NEW YORK (AFP) - Democrats have far outpaced Republicans in efforts to register new voters in two key US states, according to the New York Times, which conducted a county-by-county analysis of registration data in Ohio and Florida.

  •  Definitely (none)
    I recommended this diary - more need to see it to increase pressure.
  •  Good lord! (none)
    If it's all about preventing damage to applications, what is to keep people from putting the application in <gasp> an ENVELOPE!  

    This is absolutely absurd!  Thanks for sharing it and I hope it gets some severe local outrage.

  •  Nice try, Ken (none)
    But I think this is practically impossible.  First of all the registration deadline is in a couple of days - there's not going to be that many registrations affected by it.  And as far as past registrations go, nobody's going back through those.  Cuyohoga is on the record for ignoring it, and other counties are going to follow suit.

    Simply put, no election office has the manpower to go back through thousands of old registrations to weigh the paper.

    http://csliberals.blogspot.com - member of the Democratic Signal Machine

    by Mikey on Mon Sep 27, 2004 at 08:36:38 AM PDT

    •  Agreed, but (4.00)
      what if some of the election offices are staffed by Ken Mini-Me clones who follow his marching orders? They could just toss out the 'lightweight' regis. forms and claim there wasn't time to send out replacements. By then, it'll be too late for affected voters to re-register. The voters this affects may not even find out until election day when it'll be far too late to do anything about it.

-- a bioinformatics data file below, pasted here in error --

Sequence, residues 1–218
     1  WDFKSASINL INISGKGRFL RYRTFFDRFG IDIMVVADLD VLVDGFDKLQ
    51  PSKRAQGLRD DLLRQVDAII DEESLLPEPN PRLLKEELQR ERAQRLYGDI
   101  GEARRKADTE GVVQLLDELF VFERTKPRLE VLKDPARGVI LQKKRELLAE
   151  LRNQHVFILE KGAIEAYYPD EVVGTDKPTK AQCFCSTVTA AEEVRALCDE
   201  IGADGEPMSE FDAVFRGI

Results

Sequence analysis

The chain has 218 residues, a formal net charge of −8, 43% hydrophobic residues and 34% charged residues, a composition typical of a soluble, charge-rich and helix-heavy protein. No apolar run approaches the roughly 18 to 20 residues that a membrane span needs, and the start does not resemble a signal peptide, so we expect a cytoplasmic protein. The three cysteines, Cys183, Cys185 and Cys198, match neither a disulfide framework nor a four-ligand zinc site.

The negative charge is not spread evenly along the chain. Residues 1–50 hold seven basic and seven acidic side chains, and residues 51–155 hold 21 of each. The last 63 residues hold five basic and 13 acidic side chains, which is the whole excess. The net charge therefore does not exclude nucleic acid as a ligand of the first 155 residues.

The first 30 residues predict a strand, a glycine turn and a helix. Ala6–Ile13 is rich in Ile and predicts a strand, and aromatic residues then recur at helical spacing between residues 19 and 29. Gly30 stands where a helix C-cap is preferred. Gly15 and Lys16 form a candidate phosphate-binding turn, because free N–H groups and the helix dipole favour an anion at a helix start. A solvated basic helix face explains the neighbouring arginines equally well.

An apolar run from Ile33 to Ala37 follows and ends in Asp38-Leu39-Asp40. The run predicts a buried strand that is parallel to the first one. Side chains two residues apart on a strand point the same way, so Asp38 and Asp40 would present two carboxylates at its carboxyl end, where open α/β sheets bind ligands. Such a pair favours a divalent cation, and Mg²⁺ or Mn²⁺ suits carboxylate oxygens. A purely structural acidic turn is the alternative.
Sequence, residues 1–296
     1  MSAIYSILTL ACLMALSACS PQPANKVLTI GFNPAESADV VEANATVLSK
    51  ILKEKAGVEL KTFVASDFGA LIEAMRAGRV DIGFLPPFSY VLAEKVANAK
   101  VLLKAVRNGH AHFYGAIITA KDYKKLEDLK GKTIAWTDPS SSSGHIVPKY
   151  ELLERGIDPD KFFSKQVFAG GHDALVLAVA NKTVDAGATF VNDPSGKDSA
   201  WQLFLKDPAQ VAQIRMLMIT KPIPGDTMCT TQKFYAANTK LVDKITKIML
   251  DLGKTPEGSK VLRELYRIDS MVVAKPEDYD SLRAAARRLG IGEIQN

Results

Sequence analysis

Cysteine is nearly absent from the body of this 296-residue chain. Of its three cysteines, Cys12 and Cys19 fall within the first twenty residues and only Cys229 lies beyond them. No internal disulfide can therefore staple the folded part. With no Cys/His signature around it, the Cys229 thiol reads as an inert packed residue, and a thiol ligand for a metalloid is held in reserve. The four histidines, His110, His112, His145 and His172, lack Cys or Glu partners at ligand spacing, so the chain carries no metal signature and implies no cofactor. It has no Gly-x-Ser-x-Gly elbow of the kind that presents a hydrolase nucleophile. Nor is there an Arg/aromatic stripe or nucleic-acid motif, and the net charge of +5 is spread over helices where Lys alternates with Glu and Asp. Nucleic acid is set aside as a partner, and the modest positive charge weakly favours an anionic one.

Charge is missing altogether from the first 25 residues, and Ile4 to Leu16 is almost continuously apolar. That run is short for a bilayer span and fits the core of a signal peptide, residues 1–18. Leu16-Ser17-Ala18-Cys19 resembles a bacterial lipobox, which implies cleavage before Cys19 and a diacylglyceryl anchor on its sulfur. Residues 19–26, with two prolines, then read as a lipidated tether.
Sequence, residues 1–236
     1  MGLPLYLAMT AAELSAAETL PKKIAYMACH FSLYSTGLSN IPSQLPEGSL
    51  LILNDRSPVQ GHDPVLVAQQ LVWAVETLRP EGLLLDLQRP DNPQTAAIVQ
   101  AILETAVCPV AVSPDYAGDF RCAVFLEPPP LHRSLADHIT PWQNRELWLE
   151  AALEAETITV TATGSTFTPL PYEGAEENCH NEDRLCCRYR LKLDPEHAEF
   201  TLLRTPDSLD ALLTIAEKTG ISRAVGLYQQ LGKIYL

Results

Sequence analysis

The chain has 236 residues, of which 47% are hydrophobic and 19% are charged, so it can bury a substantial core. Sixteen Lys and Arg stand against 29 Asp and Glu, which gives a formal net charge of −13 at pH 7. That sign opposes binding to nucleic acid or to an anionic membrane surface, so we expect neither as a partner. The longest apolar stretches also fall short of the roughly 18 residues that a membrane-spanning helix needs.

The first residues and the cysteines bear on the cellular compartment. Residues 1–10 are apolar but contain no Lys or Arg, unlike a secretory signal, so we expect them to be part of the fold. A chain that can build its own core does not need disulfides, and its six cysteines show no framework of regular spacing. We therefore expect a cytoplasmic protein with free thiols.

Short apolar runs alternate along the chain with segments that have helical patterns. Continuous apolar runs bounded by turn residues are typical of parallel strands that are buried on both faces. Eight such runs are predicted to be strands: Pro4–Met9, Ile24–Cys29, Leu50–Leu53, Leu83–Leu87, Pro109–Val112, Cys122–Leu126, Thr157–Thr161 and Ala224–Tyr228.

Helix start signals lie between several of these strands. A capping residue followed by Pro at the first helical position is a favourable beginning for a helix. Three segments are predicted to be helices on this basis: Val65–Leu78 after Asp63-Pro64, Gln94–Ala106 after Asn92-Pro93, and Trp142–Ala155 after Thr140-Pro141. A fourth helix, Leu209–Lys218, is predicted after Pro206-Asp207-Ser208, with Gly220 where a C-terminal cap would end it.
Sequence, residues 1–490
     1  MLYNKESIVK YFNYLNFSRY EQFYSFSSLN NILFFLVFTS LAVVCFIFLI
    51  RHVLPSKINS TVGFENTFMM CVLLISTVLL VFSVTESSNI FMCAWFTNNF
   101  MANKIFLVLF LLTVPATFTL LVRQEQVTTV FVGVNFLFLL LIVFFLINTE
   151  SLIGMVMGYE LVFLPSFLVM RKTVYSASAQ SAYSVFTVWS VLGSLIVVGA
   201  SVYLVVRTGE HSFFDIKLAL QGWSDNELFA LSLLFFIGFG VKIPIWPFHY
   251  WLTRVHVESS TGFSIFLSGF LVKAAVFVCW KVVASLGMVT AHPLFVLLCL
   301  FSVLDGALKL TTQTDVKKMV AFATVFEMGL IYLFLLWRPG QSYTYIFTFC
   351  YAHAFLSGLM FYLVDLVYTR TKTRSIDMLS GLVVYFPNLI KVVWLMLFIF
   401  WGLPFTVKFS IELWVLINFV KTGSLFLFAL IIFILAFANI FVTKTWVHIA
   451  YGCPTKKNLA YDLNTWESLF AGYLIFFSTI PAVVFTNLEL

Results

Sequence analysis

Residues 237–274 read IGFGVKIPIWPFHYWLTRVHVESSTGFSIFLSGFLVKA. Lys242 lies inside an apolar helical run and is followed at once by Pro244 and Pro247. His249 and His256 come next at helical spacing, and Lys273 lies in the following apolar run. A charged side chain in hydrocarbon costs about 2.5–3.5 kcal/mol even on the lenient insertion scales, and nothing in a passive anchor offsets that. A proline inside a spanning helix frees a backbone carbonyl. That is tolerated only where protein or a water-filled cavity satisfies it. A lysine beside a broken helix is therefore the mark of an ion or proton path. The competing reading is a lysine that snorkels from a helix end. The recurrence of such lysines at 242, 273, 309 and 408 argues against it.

Is there a way to track how many are kicked off of the voting rolls for these supposedly lightweight forms?
       

    •  when did it start? (none)
      I agree - I would think that the vast majority of registrations have been processed already. A lot of us here in Ohio have been registering voters all summer long, or even earlier.

      But I wonder when Blackwell did this. The article only says "a recent directive". That's awfully vague... it could be two days ago, a week ago, two months ago, or more. And were all counties given this shamelessly un-American directive at the same time, or have some been doing it for longer?

    •  I'm surprised (none)
      he didn't wait until 11:59 p.m. on the last day of registration to discover this.

      George W. Bush -- Disaster Accomplished

      by Unstable Isotope on Mon Sep 27, 2004 at 01:51:43 PM PDT

      [ Parent ]

  •  Blackwell (4.00)
    He's been threatening to do this since last year when people were registering for the primaries.

    No doubt he's the Katherine Harris of 04.

    A liberal knows that the only certainty in this life is change but believes that the change can be directed toward a constructive end.--Henry Wallace